ASUS PCE-AC66 Wireless PCIe Adapter Overview
PCIe cards are not the first form factor I think of when the topic of Wi-Fi adapters comes up. A PCIe slot implies a desktop system, and most of them have wired network connections, courtesy of that thin unshielded twisted pair (UTP) Ethernet cable that’s relatively easy to route wherever you need it. Still, there are times when it’s just more practical to set up a PC with a wireless connection. However, just because a wireless connection is more convenient, it doesn’t mean that you want to sacrifice performance. ASUS understands that logic, and they have a lot of experience with customers who want the very best performance available. That’s what the ASUS PCE-AC66 Wireless PCIe Adapter aims to deliver, even if it’s in a form factor that doesn’t seem obvious at first blush. Some effort has gone into making the PCE-AC66 the best looking Wi-Fi Adapter out there, even if it’s going to end up trapped inside a PC chassis where few will ever see it. If you have a windowed case, this is the kind of peripheral that makes your system window-worthy. There’s still a strong sense of form following function, as the large red heatsink is there for a reason. There is a powerful Broadcom 5th generation Wi-Fi IC working away inside the unit, as well as two separate high-power RF amplifiers for the 2.4GHz and 5GHz bands. Those RF power amps are part of the reason this Wi-Fi adapter seems to blast right through walls and other common obstructions with ease.
The PCE-AC66 can support direct connection to the three dual-band antennas, right on the expansion card itself, or the dedicated antenna stand can be used to achieve a better signal. The antenna base has two features that make it easy to deploy and improve the RF performance. The first is the magnets built into the base that allow you to mount it on a vertical surface. It needs to be steel or some other ferrous material, in order for the magnet to be attracted to it, so don’t try this with your high-end aluminum case. Secondly, the three separate antenna leads are built into the stand, so you don’t have to juggle the mounting base and three RF coax cables, all at once. All three conductors are bonded into one flat cable assembly, and are attached with a strain relief on one side of the triangular base. The retail package includes the PCIe card, 3 antennas, the magnetic base with integral cables, full-size and half-height expansion brackets, a CD with drivers and utility software, and documentation. The packaging is attractive and informative; in case you have the opportunity to see it on display in a store, you can tell what you’re getting and what it does without going on-line. A quaint, dated concept, I know…..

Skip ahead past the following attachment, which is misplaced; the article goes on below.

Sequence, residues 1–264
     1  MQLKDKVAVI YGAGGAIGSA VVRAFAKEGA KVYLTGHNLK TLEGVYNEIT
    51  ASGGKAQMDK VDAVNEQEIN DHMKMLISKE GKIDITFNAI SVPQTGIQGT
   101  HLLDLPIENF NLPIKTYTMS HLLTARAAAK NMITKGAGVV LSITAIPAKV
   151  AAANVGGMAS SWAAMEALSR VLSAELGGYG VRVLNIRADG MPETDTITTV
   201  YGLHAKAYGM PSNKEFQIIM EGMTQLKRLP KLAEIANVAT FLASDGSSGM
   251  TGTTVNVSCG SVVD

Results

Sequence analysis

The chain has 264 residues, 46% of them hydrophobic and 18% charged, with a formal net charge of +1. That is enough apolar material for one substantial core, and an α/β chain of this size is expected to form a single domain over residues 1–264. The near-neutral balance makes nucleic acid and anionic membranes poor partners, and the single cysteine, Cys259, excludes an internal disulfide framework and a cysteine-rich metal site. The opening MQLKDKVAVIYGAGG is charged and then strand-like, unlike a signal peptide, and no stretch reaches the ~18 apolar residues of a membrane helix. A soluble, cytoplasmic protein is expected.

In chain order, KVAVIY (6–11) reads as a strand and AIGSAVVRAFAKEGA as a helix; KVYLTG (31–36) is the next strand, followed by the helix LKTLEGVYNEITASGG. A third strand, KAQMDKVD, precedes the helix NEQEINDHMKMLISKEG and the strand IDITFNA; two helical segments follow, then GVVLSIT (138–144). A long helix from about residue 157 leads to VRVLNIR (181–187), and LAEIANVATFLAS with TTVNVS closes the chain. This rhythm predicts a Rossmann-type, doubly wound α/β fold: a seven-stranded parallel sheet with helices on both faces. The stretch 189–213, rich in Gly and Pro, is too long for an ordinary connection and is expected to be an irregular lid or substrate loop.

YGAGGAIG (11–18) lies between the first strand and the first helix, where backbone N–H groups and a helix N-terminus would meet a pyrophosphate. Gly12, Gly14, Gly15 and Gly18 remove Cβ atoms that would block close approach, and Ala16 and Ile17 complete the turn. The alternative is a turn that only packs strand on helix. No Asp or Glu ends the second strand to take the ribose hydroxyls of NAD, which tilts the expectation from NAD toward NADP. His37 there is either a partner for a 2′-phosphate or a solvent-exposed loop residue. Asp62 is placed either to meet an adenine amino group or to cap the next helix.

The 45 degree orientation you see below is the recommended setup for the three antenna stalks, and there are detents at 0, 45, and 90 degrees on all three antenna bodies that make it easy to set them that way. They also rotate continuously, so you can point them outward at equal 120 degree intervals. The three included antennas are no bigger than a number of antennas that I’ve seen on other wireless PCIe Adapter, since the start of the 2.4GHz era. They just look bigger here, because the magnetic base provided with the PCE-AC66 is relatively small, by comparison. The antennas attach to the base with standard SMA coaxial connectors. Antennas are actually very complicated devices, even though they may appear to be simple. The standard antennas included with the PCE-AC66 are rated at 3.5dBi, which is a decent rating. In order to significantly improve the signal strength, the antennas would have to be much larger, between 12″ and 15″ long. Those are much too unwieldy for a small mounting base like this, and they would most likely need to be mounted on a larger surface. The flexibility to move the provided base around slightly and improve the signal reception, plus have it STAY there because of the magnet, is probably just as useful as having a bigger antenna that’s rigidly mounted. Besides, as we’ll see later, the whole point of an 802.11ac wireless adapter is to use technology to improve performance, rather than brute force hardware mods.
The PCIe card itself is relatively small and straightforward. There are no controls on it, just the three SMA connectors poking through the I/O plate and an old-school style LED indicator that signals the flow of traffic in and out of the adapter. The large red heatsink is the dominant visual component, which hints at the processing power sitting directly below it. We’ll have a look at those later, when we tackle Insider Details. For now, it’s enough to know that the kind of data throughput that this card can pump out means that a heatsink is called for. Maybe a smaller one would have been enough, but once you have to install one, a bigger one is only marginally more expensive than a smaller one.
The back side of the ASUS PCE-AC66 is pretty standard. A few power supply components, some decoupling caps, and an assortment of resistors clumped around the footprints of the major ICs occupying the face of the PC board. One thing I’ve learned to pay attention to in the last couple of months is the FCC ID number on the regulatory compliance sticker. There is a wealth of information contained in the FCC testing data, which is in the public domain. Before the product hits the market most of it is embargoed, but once the public can buy the item, all bets are off and the regulators are required to release the information. They do an impressive tear-down, usually. Too bad their camera is way below par.
Now that we’ve seen every angle of the ASUS PCE-AC66 from the outside, let’s take a peek at what’s under the hood, so to speak.